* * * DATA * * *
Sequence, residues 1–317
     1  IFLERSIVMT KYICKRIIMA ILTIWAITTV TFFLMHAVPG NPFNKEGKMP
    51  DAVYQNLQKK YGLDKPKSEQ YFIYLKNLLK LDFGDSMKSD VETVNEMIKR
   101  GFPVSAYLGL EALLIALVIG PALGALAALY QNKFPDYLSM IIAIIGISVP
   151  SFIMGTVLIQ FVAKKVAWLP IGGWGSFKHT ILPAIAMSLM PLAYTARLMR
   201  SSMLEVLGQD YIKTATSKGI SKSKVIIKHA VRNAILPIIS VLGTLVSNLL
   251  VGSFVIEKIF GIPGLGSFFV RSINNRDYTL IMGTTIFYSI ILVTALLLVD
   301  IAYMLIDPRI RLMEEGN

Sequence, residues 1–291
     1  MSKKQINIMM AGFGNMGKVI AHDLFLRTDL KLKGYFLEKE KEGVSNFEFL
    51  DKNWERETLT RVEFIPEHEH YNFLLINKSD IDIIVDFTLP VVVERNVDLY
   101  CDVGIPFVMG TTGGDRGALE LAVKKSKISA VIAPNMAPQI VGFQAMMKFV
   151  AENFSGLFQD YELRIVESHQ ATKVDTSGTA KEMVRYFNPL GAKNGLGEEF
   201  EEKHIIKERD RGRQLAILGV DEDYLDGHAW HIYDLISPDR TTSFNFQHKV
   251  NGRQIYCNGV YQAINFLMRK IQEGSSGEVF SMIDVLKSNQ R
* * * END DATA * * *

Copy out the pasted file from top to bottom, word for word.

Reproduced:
Sequence, residues 1–317
     1  IFLERSIVMT KYICKRIIMA ILTIWAITTV TFFLMHAVPG NPFNKEGKMP
    51  DAVYQNLQKK YGLDKPKSEQ YFIYLKNLLK LDFGDSMKSD VETVNEMIKR
   101  GFPVSAYLGL EALLIALVIG PALGALAALY QNKFPDYLSM IIAIIGISVP
   151  SFIMGTVLIQ FVAKKVAWLP IGGWGSFKHT ILPAIAMSLM PLAYTARLMR
   201  SSMLEVLGQD YIKTATSKGI SKSKVIIKHA VRNAILPIIS VLGTLVSNLL
   251  VGSFVIEKIF GIPGLGSFFV RSINNRDYTL IMGTTIFYSI ILVTALLLVD
   301  IAYMLIDPRI RLMEEGN

Sequence, residues 1–291
     1  MSKKQINIMM AGFGNMGKVI AHDLFLRTDL KLKGYFLEKE KEGVSNFEFL
    51  DKNWERETLT RVEFIPEHEH YNFLLINKSD IDIIVDFTLP VVVERNVDLY
   101  CDVGIPFVMG TTGGDRGALE LAVKKSKISA VIAPNMAPQI VGFQAMMKFV
   151  AENFSGLFQD YELRIVESHQ ATKVDTSGTA KEMVRYFNPL GAKNGLGEEF
   201  EEKHIIKERD RGRQLAILGV DEDYLDGHAW HIYDLISPDR TTSFNFQHKV
   251  NGRQIYCNGV YQAINFLMRK IQEGSSGEVF SMIDVLKSNQ R